Both the Obamacare quagmire and corporate taxes stand in the way of US economic competitiveness. President Donald Trump campaigned on overhauling the tax code and has recently proposed numerous tax cuts, most notably reducing the notoriously high corporate tax rate of 35 percent down to 20 percent.
Any substantial reduction to the current corporate tax rate would be a welcome development for fiscal matters. Just last year a report from the Treasury Department claimed that the federal government’s ever-growing budget deficit can be largely attributed to a shrinking corporate tax base and lagging productivity.
Naturally, many will spin this report as an opportunity to justify tax hikes. However, despite the popular belief that tax hikes lead to increased tax revenues, the United States has the highest corporate tax rate in the industrialized world and still struggles to extract high rates of revenue when compared to her OECD rivals.
Enter the Laffer curve.
Developed by renowned economist Arthur Laffer, the Laffer curve is elucidates the premise that the more an activity is taxed — in this case corporate revenue — the less tax revenue is generated, at least once the disincentive effects grow large enough. In other words, there is a ceiling for revenue maximization. If tax rates are raised too high, less taxes are collected due to people working less, evading taxes, or deciding to take their talents and investments elsewhere.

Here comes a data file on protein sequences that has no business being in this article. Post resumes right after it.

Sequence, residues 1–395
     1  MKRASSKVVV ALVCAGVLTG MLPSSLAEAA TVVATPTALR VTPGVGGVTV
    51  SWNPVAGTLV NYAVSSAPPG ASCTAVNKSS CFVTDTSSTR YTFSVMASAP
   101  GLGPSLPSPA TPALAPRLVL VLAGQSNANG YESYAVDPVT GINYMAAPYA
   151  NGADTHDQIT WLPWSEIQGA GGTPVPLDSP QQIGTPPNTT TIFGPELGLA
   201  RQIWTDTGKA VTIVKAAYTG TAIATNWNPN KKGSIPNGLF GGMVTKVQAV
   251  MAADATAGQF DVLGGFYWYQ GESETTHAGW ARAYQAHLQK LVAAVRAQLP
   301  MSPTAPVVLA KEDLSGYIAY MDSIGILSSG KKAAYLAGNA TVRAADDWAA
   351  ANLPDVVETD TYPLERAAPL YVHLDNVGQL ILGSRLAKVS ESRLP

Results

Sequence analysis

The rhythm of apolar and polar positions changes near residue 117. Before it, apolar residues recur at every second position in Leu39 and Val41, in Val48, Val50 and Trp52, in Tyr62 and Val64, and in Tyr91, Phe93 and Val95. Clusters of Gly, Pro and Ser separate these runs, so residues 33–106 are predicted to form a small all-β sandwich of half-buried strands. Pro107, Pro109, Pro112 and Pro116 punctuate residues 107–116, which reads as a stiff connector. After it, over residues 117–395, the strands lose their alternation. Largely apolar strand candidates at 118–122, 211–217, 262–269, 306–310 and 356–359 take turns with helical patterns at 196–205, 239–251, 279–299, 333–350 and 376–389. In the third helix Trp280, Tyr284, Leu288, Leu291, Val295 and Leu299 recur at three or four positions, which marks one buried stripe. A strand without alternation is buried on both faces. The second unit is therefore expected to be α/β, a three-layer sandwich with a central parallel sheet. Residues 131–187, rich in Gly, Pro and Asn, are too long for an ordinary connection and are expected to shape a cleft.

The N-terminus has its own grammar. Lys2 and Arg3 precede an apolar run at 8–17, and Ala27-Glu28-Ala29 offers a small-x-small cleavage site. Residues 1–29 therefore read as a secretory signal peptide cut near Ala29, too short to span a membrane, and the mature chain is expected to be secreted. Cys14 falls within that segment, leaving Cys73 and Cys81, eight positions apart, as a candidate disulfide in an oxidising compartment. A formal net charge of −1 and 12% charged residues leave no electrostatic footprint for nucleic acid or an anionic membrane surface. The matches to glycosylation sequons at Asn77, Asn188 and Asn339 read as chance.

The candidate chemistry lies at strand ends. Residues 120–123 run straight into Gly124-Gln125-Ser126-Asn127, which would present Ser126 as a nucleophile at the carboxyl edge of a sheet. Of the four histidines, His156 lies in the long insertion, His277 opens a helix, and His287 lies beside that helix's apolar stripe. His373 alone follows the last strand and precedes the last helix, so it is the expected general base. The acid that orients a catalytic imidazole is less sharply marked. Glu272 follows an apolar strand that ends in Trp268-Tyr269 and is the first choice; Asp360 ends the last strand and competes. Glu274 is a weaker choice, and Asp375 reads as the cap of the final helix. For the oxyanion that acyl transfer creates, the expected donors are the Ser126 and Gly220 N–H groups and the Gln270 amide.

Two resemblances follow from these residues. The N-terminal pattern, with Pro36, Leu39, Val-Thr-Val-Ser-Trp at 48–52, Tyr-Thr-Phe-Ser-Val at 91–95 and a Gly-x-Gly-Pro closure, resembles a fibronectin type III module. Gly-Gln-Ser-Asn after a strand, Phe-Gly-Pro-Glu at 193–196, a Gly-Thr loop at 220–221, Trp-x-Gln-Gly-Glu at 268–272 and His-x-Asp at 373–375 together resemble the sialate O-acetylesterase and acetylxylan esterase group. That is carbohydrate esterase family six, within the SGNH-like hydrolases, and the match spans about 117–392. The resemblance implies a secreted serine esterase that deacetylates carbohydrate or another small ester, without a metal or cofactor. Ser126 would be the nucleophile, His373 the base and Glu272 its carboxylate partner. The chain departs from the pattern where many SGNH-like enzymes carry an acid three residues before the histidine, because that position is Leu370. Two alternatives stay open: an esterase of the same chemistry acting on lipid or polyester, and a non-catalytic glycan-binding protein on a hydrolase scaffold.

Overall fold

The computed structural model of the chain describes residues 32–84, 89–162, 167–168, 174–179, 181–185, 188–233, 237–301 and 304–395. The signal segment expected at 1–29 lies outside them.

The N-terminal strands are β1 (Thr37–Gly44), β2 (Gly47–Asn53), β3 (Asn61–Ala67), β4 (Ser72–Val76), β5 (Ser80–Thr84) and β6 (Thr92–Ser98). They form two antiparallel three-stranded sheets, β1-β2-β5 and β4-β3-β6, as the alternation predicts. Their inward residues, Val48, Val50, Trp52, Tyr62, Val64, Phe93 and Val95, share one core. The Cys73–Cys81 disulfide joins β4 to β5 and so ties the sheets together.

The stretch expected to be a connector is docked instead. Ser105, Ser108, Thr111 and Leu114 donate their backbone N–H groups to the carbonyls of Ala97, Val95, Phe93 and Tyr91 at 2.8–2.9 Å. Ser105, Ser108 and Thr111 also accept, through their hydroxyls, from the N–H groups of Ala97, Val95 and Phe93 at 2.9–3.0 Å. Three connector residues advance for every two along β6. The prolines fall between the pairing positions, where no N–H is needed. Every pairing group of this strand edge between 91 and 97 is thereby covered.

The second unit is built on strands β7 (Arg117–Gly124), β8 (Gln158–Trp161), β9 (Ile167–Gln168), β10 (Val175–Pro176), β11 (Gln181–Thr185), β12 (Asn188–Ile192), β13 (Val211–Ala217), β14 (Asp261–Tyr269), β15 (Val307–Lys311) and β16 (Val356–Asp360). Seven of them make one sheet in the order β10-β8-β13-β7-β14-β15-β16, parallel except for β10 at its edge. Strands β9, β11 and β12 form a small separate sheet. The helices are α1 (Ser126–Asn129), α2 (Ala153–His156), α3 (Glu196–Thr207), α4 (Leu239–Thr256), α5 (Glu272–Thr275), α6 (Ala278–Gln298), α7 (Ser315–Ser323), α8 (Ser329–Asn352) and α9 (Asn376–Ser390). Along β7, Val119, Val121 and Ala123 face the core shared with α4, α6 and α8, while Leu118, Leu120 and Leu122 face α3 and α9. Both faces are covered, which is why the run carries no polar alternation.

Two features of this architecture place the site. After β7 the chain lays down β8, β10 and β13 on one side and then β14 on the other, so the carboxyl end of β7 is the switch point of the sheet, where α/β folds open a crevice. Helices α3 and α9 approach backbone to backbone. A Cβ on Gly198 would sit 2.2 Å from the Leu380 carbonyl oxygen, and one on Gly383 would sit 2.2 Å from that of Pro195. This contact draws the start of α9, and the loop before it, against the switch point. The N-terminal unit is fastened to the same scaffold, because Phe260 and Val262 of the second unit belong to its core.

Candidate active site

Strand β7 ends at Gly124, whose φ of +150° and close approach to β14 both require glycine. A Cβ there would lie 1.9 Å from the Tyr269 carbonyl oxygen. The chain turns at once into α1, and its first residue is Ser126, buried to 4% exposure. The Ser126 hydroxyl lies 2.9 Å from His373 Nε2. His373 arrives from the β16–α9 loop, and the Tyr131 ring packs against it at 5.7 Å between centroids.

The United States does not live in an institutional vacuum; her citizens respond to tax incentives just like they do with prices. As a result of onerous US corporate taxes, many corporations choose to establish their headquarters in low-tax countries and also invest abroad.
In this equation, corporations are not the sole victims. They pass higher taxes down to consumers and workers through more expensive products and lower wages. Similarly, these policies also hurt shareholders and deter capital investment that is crucial for economic growth.
Perhaps lagging productivity has contributed to the widening budget deficit. That being said, raising corporate tax rates — a policy that is hardly conducive to fostering entrepreneurship and investment — is not the way to boost productivity. A study by the World Bank demonstrates that increases in corporate tax rates have adverse effects on both investment and productivity.
On the other hand, the rest of the developed world has reduced its average corporate tax burden to almost 22 percent. Increased tax competition has allowed for countries to attain the most productive businesses and individuals across the globe.
In addition, this dynamic has limited the predatory nature of many governments, which now must tread lightly when catering to the needs of individuals. A government that faces the threat of individuals taking their businesses and talents elsewhere will be compelled to behave differently.
The United States must compete or fall behind, and that means joining the rest of the developed world in reducing her overall corporate tax burden. Businesses win out, as they can now invest more domestically and expand their operations. Average consumers also benefit, as they can enjoy cheaper and more readily available goods and services thanks to a low-tax environment.
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